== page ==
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Tips For Protecting Your (And Your Family's) Identity At Home

Tips to Protect Your Identity (and Your Family’s) at Home

Homeowners have a lot of things to think about and plan for when it comes to the logistics of owning a home, and unfortunately one growing area is identity theft. There are three main areas to think about when it comes to identity protection for yourself and your family at home:

  1. How new technology may put you at risk
  2. Some tried-and-true methods identity thieves use
  3. How to protect your children from identity theft

Here are some things to know when it comes to keeping your entire family and home safe.

Ensure That the Technology in Your Home is Secure

More Americans are buying smart devices like thermostats, doorbells, and refrigerators that connect to the internet to help make their users’ lives easier. Business Insider reported survey results earlier this year where 48% of U.S. households said they intend to buy at least one smart device in 2018 — a 66% increase over last year.

You can help prevent hackers from getting onto your home Wi-Fi network by ensuring that you have a password protecting it. It’s a good idea to use established brands when you buy a router and modem, since they are using the most up-to-date technology. It’s also important to regularly update any software associated with any of your devices and your router to keep anyone who shouldn’t be connected from getting on your home network.

Protect Yourself from Old School Identity Theft

While many identity thieves have evolved their tactics, criminals might still try to get ahold of your personal information by stealing mail from your mailbox or calling you on the phone to try to trick you into sharing information. The FTC reported that 70% of fraud in the U.S. last year was initiated via phone, and in 2016, the U.S. Postal Inspection Service saw 1,348 cases of mail theft.

You can protect yourself by making sure that you and your family don’t give out personal information over the phone unless you’ve made the call yourself and made sure to use to the confirmed number of the company (which you can get on its secure website). It’s also smart to get a mailbox that locks, and to not leave mail sitting in the mailbox over several days. If you’re traveling, get your mail delivery put on hold.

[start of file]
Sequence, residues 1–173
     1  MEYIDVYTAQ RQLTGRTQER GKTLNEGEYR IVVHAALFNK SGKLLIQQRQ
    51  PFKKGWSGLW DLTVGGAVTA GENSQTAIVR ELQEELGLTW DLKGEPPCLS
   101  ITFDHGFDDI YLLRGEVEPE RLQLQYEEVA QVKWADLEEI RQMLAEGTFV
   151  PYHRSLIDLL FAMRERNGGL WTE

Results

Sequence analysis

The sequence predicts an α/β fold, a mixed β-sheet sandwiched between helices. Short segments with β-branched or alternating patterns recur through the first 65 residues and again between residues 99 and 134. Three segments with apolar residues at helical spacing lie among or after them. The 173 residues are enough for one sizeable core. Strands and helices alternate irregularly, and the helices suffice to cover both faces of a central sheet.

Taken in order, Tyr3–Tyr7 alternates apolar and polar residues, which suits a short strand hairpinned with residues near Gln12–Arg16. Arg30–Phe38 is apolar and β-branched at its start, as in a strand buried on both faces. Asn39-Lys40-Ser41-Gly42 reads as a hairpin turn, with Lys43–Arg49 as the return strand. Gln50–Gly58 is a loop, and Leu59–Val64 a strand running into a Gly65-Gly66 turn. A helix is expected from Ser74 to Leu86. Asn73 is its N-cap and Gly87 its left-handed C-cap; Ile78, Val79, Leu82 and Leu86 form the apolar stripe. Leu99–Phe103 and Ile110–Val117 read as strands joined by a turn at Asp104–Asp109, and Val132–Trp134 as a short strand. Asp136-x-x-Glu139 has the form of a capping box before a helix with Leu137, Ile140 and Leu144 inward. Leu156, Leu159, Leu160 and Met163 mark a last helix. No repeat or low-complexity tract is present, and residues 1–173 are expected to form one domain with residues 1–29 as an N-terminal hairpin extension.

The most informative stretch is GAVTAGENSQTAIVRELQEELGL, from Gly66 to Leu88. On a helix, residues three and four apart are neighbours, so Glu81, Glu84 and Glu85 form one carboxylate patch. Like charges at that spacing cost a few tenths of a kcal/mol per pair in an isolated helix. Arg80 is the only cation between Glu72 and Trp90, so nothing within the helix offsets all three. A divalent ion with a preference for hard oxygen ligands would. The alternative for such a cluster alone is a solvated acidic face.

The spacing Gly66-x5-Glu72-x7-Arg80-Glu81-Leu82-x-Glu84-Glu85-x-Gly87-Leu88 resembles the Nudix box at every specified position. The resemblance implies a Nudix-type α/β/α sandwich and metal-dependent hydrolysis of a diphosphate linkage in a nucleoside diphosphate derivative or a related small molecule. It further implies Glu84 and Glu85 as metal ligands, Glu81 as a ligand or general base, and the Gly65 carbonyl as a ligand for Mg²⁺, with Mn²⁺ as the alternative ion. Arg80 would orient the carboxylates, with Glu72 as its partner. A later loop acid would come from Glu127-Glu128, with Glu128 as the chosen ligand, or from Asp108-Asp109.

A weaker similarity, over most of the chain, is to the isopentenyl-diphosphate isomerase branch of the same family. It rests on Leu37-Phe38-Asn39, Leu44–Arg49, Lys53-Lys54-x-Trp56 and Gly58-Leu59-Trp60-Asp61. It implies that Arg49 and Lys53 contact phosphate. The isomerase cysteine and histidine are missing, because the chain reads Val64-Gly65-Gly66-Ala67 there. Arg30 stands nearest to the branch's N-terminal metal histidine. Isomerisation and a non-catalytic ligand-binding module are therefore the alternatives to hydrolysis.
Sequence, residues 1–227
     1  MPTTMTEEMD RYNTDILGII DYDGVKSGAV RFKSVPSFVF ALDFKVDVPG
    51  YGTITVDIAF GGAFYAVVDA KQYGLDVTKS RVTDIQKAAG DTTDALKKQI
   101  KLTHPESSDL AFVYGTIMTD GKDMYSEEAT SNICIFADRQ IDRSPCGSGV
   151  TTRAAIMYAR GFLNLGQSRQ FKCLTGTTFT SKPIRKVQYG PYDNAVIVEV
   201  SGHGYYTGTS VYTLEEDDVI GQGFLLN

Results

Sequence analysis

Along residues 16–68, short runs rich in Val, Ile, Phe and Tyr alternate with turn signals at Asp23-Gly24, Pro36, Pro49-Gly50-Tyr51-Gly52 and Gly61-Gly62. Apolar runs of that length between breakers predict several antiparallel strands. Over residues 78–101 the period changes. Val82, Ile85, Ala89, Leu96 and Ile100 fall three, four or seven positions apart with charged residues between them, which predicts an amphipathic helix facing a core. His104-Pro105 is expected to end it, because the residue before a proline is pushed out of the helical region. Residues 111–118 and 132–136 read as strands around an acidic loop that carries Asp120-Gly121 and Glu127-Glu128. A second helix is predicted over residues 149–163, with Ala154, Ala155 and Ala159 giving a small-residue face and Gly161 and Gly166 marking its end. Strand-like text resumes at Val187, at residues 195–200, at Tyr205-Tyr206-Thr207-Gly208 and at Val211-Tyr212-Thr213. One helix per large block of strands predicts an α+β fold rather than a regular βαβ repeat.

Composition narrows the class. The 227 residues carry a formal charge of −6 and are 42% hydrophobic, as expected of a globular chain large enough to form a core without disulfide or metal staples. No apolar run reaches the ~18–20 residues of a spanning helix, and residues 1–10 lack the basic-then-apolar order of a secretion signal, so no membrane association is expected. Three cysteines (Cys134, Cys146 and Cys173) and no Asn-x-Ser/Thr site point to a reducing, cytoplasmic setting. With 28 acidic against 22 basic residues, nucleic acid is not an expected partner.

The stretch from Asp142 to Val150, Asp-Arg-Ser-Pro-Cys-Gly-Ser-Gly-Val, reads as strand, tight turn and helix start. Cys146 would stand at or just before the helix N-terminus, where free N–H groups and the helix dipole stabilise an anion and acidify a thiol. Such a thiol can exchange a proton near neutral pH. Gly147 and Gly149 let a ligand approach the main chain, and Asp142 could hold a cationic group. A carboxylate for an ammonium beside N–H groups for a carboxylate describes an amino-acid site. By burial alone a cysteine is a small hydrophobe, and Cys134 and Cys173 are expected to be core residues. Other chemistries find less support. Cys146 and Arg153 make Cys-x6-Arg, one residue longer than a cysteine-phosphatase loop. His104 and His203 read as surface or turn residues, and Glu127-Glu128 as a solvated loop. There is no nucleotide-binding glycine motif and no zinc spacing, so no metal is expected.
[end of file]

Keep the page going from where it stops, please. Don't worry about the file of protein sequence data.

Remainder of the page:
Protecting Children’s Identities

Unfortunately, children can be easy targets of identity theft since their credit reports are not so frequently checked (or they might not even have one) and fraud can go undetected. Javelin Strategy & Research found that one million children were victims of identity theft in 2017 alone, which amounted to $2.6 billion stolen and $540 million in out-of-pocket costs to victims involved.

You can help protect your child’s identity by not giving out their Social Security number unless it’s absolutely necessary, and by keeping an eye out for any mail that comes in your children’s names — especially bills or collection notices, as this could indicate that a thief has stolen their identity. You can also check your child’s credit and freeze their credit report so that no one can fraudulently obtain credit in your child’s name by contacting Equifax, Experian, and Transunion. (You do have to contact each credit bureau individually, as a credit freeze does not get shared across all three agencies).

Help protect your identity (and your family’s) at home throughout the year. Click here to learn more about identity protection from Mr. Cooper.